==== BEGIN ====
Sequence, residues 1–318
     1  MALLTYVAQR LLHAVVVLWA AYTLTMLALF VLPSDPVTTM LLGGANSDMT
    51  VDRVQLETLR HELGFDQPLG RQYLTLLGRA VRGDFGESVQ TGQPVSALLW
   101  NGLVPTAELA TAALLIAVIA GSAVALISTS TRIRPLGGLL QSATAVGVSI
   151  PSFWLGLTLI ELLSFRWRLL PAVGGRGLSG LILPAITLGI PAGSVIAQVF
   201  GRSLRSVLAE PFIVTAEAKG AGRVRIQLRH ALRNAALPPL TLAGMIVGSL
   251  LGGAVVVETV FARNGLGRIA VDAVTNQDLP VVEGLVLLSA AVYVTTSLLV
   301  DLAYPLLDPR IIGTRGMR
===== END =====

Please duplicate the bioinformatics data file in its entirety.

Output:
Sequence, residues 1–318
     1  MALLTYVAQR LLHAVVVLWA AYTLTMLALF VLPSDPVTTM LLGGANSDMT
    51  VDRVQLETLR HELGFDQPLG RQYLTLLGRA VRGDFGESVQ TGQPVSALLW
   101  NGLVPTAELA TAALLIAVIA GSAVALISTS TRIRPLGGLL QSATAVGVSI
   151  PSFWLGLTLI ELLSFRWRLL PAVGGRGLSG LILPAITLGI PAGSVIAQVF
   201  GRSLRSVLAE PFIVTAEAKG AGRVRIQLRH ALRNAALPPL TLAGMIVGSL
   251  LGGAVVVETV FARNGLGRIA VDAVTNQDLP VVEGLVLLSA AVYVTTSLLV
   301  DLAYPLLDPR IIGTRGMR